Trauma and Stress-related Disorders

Understand the diagnosis, what to do and access resources

There are various classifications of Trauma.

  1. Post traumatic stress disorder
  2. Acute stress disorder
  3. Adjustment disorder
  4. Reactive Attachment disorder
  5. Disinhibited Social Engagement disorder
  6. Other specified trauma and stressor related disorder
  7. Unspecified trauma and stressor related disorder

Determination of which anxiety disorder someone may be suffering from can be determined by a mental health professional.

How do I know if I have trauma that needs to be treated?

Traumatic events happen to everyone. Trauma needs to be treated when it becomes a hindrance to everyday functioning. When a person is unable to complete everyday tasks because of trauma they may need to seek the help of mental health and medical professionals.

READ: Part IV: Parenting tips for children with trauma

Diagnosis confirmed. Now what?

After a diagnosis is confirmed the child will need to undergo treatment. Treatment should be carried out by someone trained in the field of trauma disorders. They should be well educated on the most current research for the type of trauma and individual is diagnosed with as treatment approaches may vary.

Treatment varies for different types of trauma

There are various approaches and strategies to use when treating someone diagnosed with trauma. For example, Treatment Focused Cognitive Behavioral Therapy (TF-CBT) is an effective method however there is an offshoot for his therapy style that focuses on grief. It’s called, Traumatic Grief Cognitive Behavioral Therapy (TG-CBT).

It is important for the family to be active in the course of treatment. The family will be able to determine progress and can report their observations to treatment providers. This insight will help the therapist or medical physician to determine if the treatment they are providing is working or if a change needs to be made.


While there is no set medication to treat trauma there are medicines that can help alleviate some of the symptoms of trauma.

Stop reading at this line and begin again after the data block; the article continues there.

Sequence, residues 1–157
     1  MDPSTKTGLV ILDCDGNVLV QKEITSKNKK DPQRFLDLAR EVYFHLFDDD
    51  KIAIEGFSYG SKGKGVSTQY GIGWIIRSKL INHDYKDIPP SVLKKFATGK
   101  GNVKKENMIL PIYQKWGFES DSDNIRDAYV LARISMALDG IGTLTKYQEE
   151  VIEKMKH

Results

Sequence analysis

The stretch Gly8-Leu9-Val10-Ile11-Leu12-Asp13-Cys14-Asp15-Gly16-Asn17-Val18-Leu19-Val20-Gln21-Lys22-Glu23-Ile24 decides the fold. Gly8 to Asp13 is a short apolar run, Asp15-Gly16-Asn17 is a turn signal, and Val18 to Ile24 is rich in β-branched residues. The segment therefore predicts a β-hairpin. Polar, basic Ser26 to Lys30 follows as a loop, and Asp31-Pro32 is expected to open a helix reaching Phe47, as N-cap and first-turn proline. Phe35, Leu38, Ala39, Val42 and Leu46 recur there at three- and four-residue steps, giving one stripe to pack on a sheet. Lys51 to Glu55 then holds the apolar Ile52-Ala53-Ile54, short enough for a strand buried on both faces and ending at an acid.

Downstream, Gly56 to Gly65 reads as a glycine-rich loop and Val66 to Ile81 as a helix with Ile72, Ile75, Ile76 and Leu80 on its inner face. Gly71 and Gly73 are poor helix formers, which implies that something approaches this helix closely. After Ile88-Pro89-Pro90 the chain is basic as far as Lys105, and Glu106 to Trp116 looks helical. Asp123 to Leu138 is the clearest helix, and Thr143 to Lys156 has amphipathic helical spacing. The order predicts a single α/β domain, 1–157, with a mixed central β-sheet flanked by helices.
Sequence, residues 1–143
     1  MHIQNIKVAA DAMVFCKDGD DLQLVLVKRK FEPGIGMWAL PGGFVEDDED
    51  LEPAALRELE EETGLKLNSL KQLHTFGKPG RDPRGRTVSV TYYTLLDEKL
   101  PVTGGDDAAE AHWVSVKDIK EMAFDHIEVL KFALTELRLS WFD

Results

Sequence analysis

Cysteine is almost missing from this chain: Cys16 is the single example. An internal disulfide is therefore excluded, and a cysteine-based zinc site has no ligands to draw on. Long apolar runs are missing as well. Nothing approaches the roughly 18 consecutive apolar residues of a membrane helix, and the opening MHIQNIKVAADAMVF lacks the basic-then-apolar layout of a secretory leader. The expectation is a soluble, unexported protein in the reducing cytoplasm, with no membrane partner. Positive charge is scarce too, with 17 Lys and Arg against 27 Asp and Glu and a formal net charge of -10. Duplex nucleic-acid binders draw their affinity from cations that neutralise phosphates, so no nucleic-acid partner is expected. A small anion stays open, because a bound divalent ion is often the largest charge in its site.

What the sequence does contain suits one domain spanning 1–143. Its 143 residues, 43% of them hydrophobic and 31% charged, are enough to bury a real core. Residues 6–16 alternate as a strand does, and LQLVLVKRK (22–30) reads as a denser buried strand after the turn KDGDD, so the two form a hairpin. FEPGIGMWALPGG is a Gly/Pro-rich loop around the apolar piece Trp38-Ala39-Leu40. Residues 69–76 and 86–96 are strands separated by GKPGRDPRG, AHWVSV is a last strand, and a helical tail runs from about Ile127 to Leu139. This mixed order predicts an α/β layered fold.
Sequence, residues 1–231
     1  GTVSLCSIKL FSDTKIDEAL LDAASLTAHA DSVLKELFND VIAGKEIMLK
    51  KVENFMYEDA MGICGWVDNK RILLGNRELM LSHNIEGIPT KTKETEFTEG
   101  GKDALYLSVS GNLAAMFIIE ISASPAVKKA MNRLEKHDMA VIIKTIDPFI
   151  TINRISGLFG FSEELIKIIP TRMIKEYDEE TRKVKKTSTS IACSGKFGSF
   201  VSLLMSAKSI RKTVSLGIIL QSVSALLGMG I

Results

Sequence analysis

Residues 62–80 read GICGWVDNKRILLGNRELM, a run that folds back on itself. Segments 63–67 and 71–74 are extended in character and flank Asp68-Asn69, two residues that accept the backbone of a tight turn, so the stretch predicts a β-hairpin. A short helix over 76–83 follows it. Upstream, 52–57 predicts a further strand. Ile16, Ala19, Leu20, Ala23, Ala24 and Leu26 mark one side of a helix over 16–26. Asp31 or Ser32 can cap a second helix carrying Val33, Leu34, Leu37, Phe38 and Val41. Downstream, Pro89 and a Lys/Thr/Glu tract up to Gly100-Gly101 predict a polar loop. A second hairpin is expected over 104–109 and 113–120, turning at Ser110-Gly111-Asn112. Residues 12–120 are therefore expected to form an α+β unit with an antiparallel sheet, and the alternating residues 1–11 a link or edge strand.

Treatment Focused Cognitive Behavioral Therapy (TF-CBT)

Treatments that research shows can reduce child traumatic stress are called “evidence-based treatments”. One of these evidence-based treatments available in Connecticut is called, Trauma-Focused Cognitive Behavioral Therapy (TF-CBT). TF-CBT is a 16-20 session treatment model for children. TF-CBT targets children ages 4-21 and their caregivers who have experienced a significant traumatic event and are experiencing chronic symptoms related to the exposure to the trauma. TF-CBT is a time limited intervention, which usually lasts five to six months and involves outpatient sessions with both the child and caregiver. There has been strong evidence to support its ability in reducing symptoms of Post-Traumatic Stress Disorder (PTSD) and depression in both children and their caregivers. The intervention is a manualized, phased intervention that helps the child develop and enhance their ability to cope with and regulate their responses to troubling memories, sensations and experiences. Over time, through the course of treatment, the child develops a trauma narrative that helps them tell their story in a safe, supportive setting.

Dialecticel Behavioral Therapy (DBT)

Dialectical Behavior Therapy (DBT) is a cognitive-behavioral treatment approach with two key components: a behavioral, problem-solving focus blended with acceptance-based strategies, and an emphasis on dialectical processes. “Dialectical” refers to the issues involved in treating patients with multiple disorders and to the type of thought processes and behavioral styles used in the treatment strategies. DBT has five components: (1) skills training; (2) individual behavioral treatment plans; (3) access to a therapist outside a clinical setting, homework, and inclusion of family in treatment; (4) structuring of the environment (programmatic emphasis on reinforcement of adaptive behaviors); and (5) therapist team consultation group. DBT emphasizes balancing behavioral change, problem-solving, and emotional regulation with validation, mindfulness, and acceptance of patients. Therapists follow a detailed procedural manual.